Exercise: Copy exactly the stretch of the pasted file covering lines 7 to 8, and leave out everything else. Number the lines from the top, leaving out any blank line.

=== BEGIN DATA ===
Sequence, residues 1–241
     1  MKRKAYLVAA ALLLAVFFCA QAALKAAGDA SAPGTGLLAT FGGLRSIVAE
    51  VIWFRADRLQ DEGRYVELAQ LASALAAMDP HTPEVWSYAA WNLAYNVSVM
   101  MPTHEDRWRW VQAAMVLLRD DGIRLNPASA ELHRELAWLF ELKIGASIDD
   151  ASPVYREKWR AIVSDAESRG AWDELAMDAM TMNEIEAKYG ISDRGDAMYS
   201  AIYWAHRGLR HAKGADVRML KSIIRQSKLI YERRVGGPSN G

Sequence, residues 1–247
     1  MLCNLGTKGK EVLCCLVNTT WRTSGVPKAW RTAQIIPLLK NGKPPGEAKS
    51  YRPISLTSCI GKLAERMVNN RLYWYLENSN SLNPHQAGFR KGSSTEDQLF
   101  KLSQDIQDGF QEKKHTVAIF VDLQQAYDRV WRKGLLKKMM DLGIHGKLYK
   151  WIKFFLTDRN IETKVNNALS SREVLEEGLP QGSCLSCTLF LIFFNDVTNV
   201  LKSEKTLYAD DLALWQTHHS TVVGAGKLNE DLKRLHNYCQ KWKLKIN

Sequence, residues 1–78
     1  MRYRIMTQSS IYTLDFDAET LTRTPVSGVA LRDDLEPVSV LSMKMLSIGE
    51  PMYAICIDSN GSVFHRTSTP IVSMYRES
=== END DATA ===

Sequence, residues 1–247
     1  MLCNLGTKGK EVLCCLVNTT WRTSGVPKAW RTAQIIPLLK NGKPPGEAKS